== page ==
Nigeria set to reduce emissions in new climate action plan
FUELLED by the need to prevent average global temperatures rising above two degrees Celsius and to reap the many opportunities that arise from a necessary global transformation to clean and sustainable development, the Federal Government last week began a process to formulate new climate action plan for the country.
The proposed document is part of the Decision 1/CP.19 adopted in Warsaw in 2013, further strengthened by COP 20 “Lima Call for Climate Action”, called on all Parties to the United Nations Framework Convention on Climate Change (UNFCCC)to initiate or intensify preparation of their Intended Nationally Determined Contributions (INDCs) towards achieving the objectives of the Convention.
To commence the development of the document, the Department of Climate Change, Federal Ministry of Environment, in collaboration with the United Nations Development Programme (UNDP) organised a one-day National Stakeholders Initiation Workshop recently in Abuja on the Development of Nigeria’s Intended Nationally Determined Contributions (INDCs). The workshop was expected to enhance understanding of the contents of the document as it relates to various sectors in the Nigeria’s socio-economic milieu.
The ministry’s Permanent Secretary, Mrs. Nana Fatima Mede who opened the workshop said that the INDC is a requirement to be submitted by all Parties to the UNFCCC as a major component of the climate change treaty to be adopted in Paris later in 2015. “Nigeria’s INDC is to be communicated well in advance of the 21st Session of the Conference of Parties (COP21) to be held in December 2015 in Paris France,” she said.
Represented by the Director, Department of Climate Change, Dr. Samuel Adejuwon, she explained that the UNFCCC has been ratified by all 192-member nations of the UN. “However, due to the inadequacy of the Convention to sufficiently tackle climate change, the Kyoto Protocol (KP), a complementary instrument to the UNFCCC was established in 1997 in response to recognition that the commitments contained within the Convention were inadequate and required reinforcement. The KP, which entered into force in 2005, facilitates the implementation of the UNFCCC objective by setting legally enforceable emissions reductions targets for countries. The text reiterates the principle of common but differentiated responsibilities by applying binding targets to Annex I countries alone. The first commitment period under the KP ends in 2012.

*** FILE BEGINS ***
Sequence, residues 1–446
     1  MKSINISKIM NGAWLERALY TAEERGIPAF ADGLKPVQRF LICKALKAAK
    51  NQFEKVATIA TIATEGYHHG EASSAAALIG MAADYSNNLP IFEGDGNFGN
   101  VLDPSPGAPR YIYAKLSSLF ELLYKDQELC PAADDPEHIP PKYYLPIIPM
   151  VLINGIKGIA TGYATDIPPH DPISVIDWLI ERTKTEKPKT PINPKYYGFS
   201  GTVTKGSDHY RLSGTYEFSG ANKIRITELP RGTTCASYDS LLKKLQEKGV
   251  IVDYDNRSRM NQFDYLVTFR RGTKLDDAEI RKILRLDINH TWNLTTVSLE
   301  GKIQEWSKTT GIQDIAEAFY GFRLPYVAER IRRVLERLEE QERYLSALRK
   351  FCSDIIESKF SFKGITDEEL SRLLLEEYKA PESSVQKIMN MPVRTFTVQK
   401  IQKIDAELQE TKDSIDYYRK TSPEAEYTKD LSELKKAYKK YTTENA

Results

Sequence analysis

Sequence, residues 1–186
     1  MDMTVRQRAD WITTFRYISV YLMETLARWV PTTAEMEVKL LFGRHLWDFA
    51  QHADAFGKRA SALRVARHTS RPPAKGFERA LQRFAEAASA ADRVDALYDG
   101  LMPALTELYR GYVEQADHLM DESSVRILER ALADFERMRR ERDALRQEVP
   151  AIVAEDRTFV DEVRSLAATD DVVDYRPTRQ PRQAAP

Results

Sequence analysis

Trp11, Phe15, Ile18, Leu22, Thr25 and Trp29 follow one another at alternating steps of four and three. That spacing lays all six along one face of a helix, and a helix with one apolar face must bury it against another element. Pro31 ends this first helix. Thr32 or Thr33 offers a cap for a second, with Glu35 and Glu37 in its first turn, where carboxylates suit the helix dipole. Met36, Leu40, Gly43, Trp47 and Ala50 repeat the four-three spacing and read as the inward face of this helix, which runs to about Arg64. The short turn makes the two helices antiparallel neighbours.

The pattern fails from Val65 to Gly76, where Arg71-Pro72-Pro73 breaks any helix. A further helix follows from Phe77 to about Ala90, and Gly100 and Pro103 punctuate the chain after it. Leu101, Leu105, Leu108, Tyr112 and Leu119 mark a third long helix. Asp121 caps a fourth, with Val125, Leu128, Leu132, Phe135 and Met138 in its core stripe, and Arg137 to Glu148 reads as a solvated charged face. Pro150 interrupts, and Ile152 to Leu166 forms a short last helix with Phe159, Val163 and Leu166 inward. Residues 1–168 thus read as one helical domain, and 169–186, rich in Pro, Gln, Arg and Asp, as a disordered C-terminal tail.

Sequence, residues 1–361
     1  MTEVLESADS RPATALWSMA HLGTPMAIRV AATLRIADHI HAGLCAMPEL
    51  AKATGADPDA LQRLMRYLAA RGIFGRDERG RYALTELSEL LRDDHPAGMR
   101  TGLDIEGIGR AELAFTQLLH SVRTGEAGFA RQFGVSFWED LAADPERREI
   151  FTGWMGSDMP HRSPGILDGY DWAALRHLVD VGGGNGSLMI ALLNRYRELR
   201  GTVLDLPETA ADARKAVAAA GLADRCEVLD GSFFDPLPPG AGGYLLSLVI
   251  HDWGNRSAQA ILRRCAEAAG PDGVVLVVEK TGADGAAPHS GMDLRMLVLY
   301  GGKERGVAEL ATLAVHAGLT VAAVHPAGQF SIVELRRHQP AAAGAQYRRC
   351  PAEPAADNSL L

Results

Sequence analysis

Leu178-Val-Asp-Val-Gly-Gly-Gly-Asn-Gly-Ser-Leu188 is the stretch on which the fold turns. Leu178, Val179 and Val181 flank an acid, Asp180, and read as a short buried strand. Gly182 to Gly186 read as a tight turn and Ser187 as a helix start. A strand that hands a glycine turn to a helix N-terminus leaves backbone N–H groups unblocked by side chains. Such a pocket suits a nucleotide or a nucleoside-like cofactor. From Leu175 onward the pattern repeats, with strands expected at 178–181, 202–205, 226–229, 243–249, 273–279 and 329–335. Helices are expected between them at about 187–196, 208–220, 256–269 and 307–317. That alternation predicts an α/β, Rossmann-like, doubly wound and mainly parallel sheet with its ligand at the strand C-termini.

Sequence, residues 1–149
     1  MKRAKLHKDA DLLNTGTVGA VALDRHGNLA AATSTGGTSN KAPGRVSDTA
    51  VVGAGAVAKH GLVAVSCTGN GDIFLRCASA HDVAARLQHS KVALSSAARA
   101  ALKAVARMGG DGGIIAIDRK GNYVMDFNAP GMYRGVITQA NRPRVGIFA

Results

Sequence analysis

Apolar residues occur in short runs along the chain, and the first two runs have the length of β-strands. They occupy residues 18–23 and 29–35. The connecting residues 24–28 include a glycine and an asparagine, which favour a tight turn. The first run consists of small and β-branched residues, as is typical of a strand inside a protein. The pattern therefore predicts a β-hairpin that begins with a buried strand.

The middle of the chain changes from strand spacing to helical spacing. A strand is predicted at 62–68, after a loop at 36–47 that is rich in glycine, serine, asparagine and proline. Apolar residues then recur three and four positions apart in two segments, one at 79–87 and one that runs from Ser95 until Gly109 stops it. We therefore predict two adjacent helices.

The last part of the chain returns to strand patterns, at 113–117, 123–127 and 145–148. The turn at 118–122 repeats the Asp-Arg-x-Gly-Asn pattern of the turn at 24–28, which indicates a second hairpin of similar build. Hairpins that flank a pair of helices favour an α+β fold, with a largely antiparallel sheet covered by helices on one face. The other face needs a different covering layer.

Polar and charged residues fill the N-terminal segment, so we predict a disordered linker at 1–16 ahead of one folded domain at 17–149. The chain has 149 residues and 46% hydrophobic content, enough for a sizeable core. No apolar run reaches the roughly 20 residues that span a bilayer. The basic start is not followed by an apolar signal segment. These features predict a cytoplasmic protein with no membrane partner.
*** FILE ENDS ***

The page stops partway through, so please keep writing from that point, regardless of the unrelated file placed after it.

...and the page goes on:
She said that the workshop is one of the activities planned by the ministry in preparation for the forth coming COP21, and designed to provide a forum for dialogue amongst experts aimed at enhancing understanding of the contents of the document and types of data and information required from sectors.
While appreciating the unflinching support of UNDP, in the activities of the ministry and specifically for financial support towards development of the INDC, Mede called for the cooperation of experts and participants in the provision of data and information in the whole process of development of the document that will make the product a national document containing national contribution, related concerns and interest.
In his remark, the UNDP Country Director, Dr. Pa Lamin Beyai, congratulated the Permanent Secretary for her recognition of the importance of stakeholder engagement and in particular the demonstration of high level political leadership, both of which are critical elements of success in the bid to develop Nigeria’s INDCs. “With these, we are very confident that the Government is well on its way to meeting its INDC aspirations,” he said.
Beyal, represented by Mr. Muyiwa Odele, said, “With a new global climate change treaty on the horizon, developing countries worldwide are increasingly focusing on reducing their greenhouse gas (GHG) emissions, today’s meeting is very significant for Nigeria, as a signatory to the Climate Change convention, because the INDC is a requirement to be submitted by all Parties to the UNFCCC. It is a major component of the climate change treaty to be adopted in Paris and is therefore, crucial to the success of the UN’s climate deal.”
He noted that to promote ownership and firm commitments towards successful implementation of INDCs, the process of its development must not only be inclusive, but also rooted in national priorities.
“Knowing fully well that National GHG inventories are a critical starting place for preparing the INDC, it is noteworthy that the entire process would benefit immensely from national capacities developed with UNDP’s support during the preparation of the First and Second National Communications to UNFCCC. Coincidentally this would set the tone for the preparation of the Third National Communications, he stressed”
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